A rectifier, also known as, AC to DC Converter is one of the most important devices in any electrical circuit. It is used to convert one form of the current into another. And because of this property, we have electricity in our house. So, in this chapter, we will cover rectifier definition, uses, the process of rectification, circuit, and types.
In this Article You will learn:
- 1 What is a Rectifier
- 2 Rectifier Working Theory
- 3 Types of Rectifier Circuits
- 4 Rectifiers Comparison Table
What is a Rectifier
A rectifier is an electrical device that consists of one or more diodes allowing the flow of current only in one direction. It basically converts an alternating current into direct current. The process of converting Alternating Current into Direct Current is called Rectification Process. And it is also called AC to DC converter.
Rectifiers can be mold in several forms as per requirement like a semiconductor diode, silicon controlled rectifiers, mercury arc valves, vacuum tube diodes, etc.
For signal detection and power rectification, diode rectifier circuits are widely used in electronic circuits design. These are used in various devices includes radio signals or detectors, Dc power supplies, household appliances like laptops, video game systems, televisions, etc.
Now as we have understood the definition, it is time to learn how rectifier works. This can be easily understood by remembering “how a diode works”. As we know a diode only allows the flow of current in one direction. It blocks either the positive cycle of current or the negative cycle of current.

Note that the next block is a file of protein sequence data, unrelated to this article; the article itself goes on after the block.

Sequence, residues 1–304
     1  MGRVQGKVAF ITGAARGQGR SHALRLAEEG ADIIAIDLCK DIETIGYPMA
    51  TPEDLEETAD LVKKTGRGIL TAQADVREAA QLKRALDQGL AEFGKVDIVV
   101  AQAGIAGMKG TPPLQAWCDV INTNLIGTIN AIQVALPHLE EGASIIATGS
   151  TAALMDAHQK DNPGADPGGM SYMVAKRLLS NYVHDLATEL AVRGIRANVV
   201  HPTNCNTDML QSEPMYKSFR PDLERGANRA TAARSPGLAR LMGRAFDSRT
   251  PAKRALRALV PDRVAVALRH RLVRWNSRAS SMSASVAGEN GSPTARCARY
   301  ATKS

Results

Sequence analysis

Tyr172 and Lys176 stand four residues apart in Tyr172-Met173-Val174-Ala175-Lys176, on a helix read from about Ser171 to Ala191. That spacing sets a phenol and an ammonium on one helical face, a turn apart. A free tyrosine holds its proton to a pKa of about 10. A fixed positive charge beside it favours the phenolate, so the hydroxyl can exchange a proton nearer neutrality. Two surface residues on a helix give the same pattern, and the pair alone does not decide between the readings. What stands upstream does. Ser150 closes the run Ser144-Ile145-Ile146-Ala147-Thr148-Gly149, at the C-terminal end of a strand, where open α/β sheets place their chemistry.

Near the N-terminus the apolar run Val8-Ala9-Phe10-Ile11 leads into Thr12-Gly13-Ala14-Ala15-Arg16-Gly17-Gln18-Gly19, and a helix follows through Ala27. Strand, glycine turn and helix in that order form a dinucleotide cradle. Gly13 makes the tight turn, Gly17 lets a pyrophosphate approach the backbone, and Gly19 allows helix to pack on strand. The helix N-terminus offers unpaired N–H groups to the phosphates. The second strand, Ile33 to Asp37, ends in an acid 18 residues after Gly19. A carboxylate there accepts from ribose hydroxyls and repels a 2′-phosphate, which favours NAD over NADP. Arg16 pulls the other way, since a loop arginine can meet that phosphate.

Now, the same property of Diode is used in the rectification of the signal. Here is how:
Rectifier Working Theory
In this section, we will learn how a rectifier works or how is rectification is achieved in a circuit.
As we know, Alternating current has two cycles; positive cycle and negative cycle. And Direct current flows straight in one direction.
When in a circuit having AC Current at the input side, we add a diode, it blocks a particular cycle of the alternating current. Hence producing an output current which will flow in one direction only that means Direct Current.
In this process, One Particular cycle of AC current gets wasted and it depends on the side of the connected diode. By this, we mean, whether an anode or cathode part of the diode is connected to the circuit. So to use both of the cycles, we add more than one diodes in a circuit.
This whole process is called Rectification.
The voltage we get at the output of the circuit after being rectified is not pure DC voltage. It is always a pulsating DC having some properties of AC voltage. Ripple Voltage is defined as the “residue of alternating voltage mixed with DC voltage obtained at the output of the rectifier circuit”.
To obtain a pure DC voltage, this pulsating Ripple voltage is processed through a filter circuit. And then it is regulated by a regulator to achieve DC voltage of the desired strength.
This can be easily understood by the example of the household Power Supply arrangement.
Household Power Supply:
For economical reasons, the electrical power is transmitted, distributed, and generated as a.c i.e. alternating voltage available at the mains.
Sometimes most of the electronic circuits need d.c voltage for their operation, for that purpose all electronic equipment includes a circuit that converts a.c voltage of the mains supply to d.c voltage. This circuit is known as the Power supply circuit.
The Power supply is the most important circuit of all electronic and electrical circuits. Without this all devices are useless.
The block diagram of the power supply is shown above. At the input of the power supply, a transformer is used to step down the voltage as per requirement. It is known as the power transformer.
After stepping down the voltage, this output voltage becomes the input of the next block i.e rectifier which converts this a.c to dc voltage.